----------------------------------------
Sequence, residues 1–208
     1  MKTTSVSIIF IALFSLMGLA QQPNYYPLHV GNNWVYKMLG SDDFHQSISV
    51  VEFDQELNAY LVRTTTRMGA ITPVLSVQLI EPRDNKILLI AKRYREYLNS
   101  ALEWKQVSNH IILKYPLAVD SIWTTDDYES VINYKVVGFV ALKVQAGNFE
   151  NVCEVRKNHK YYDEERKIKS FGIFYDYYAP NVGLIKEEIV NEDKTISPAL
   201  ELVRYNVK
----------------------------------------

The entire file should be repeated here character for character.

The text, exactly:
Sequence, residues 1–208
     1  MKTTSVSIIF IALFSLMGLA QQPNYYPLHV GNNWVYKMLG SDDFHQSISV
    51  VEFDQELNAY LVRTTTRMGA ITPVLSVQLI EPRDNKILLI AKRYREYLNS
   101  ALEWKQVSNH IILKYPLAVD SIWTTDDYES VINYKVVGFV ALKVQAGNFE
   151  NVCEVRKNHK YYDEERKIKS FGIFYDYYAP NVGLIKEEIV NEDKTISPAL
   201  ELVRYNVK